Hochschule Bremen - University of Applied Sciences

Hochschule Bremen

Influence of stack temperature on PEM Fuel Cell performance

Beitrag auf Tagung

Natur und Technik

Julius Robert Mayer - Institut für Energietechnik

Smolen, Slawomir, Prof. Dr.-Ing.
Cieslinski, Janusz T., Prof. Dr.-Ing
Dawidowicz, Bartosz, Prof. Dr.-Ing


Name(n), Titel
Influence of Stack Temperature on PEM Fuel Cell Performance

Weitere Informationen zur Veranstaltung
3rd International Conference:
“Low Temperature and Waste Heat Use in Communal and Industrial Energy Supply Systems, Theory and Practice”
Proceedings, October, 25th-26th, 2012, page: 41-45

Haus der Wissenschaft, Sandstraße 5, 28195 Bremen, Germany

October, 25th-26th, 2012

Proceedings LTWHU 2012
Proceedings Low Temperature and Waste Heat Use 2012
Influence of Stack Temperature on PEM Fuel Cell Performance
Janusz T. Cieśliński, Bartosz Dawidowicz
Gdansk University of Technology
Faculty of Mechanical Engineering
Gdansk, Poland

Sławomir Smoleń
Department of Mechanical Engineering, Hochschule Bremen, Germany

1 Introduction

Fuel cells are electrochemical devices where the energy of a chemical reaction is converted directly into electricity by combining hydrogen fuel with oxygen from air. Water and heat are the only by products if hydrogen is used as fuel source [1-3]. Therefore, fuel cells have attracted great attention in recent years as a promising replacement for traditional internal combustion engines due to their high power density and ultra-low emissions [4–6]. Among many kinds of fuel cells, the polymer electrolyte membrane (PEM) fuel cell has received much attention in the last two decades because fuel cells based on proton-exchange membranes have many attractive features, including high power density, rapid start-up, high efficiency, lightweight, compactness, which makes them a promising clean energy technology [6-10]. Thus, PEM fuel cells have been widely recognized as the most promising candidates for future power generating devices in the automotive, distributed power generation and portable electronic applications [6-12]. However, a number of fundamental problems must be overcome to improve their performance and to reduce their cost.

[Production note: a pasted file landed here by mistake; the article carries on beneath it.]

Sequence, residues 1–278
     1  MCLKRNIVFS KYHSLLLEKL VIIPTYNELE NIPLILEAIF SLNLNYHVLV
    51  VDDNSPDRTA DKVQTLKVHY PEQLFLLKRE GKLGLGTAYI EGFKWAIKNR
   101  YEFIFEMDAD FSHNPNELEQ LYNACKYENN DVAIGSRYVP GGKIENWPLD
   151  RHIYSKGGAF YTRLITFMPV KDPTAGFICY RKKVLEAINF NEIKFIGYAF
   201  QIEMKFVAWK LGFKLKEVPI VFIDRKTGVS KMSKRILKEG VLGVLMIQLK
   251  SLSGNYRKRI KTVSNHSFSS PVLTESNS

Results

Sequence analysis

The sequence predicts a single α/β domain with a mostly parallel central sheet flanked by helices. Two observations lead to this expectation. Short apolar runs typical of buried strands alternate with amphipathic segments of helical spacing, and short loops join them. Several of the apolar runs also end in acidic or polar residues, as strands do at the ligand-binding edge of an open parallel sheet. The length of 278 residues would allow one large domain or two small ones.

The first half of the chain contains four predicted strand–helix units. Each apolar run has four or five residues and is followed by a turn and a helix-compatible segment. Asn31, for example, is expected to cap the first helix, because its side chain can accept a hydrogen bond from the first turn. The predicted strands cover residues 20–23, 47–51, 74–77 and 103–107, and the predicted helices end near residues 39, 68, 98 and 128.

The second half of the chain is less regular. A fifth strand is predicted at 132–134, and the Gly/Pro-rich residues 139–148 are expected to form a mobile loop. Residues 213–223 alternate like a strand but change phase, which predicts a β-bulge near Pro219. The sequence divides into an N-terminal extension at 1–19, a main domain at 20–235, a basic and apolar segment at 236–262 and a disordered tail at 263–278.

The primary aim of the study was to provide steady-state characteristics of the Nexa module (1.2 kW) for different stack temperatures and given load.


Scheme and view of the tested PEM fuel cell system are shown in Fig. 1 and Fig 2 respectively. The module tested is based on two fuel cell units 1.2 kW each produced by Ballard Power Systems Inc. and called Nexa – Fig. 3.
Schematic diagram of PEM fuel cell system
Fig. 1: Schematic diagram of the 2x1.2 kW PEM fuel cell system



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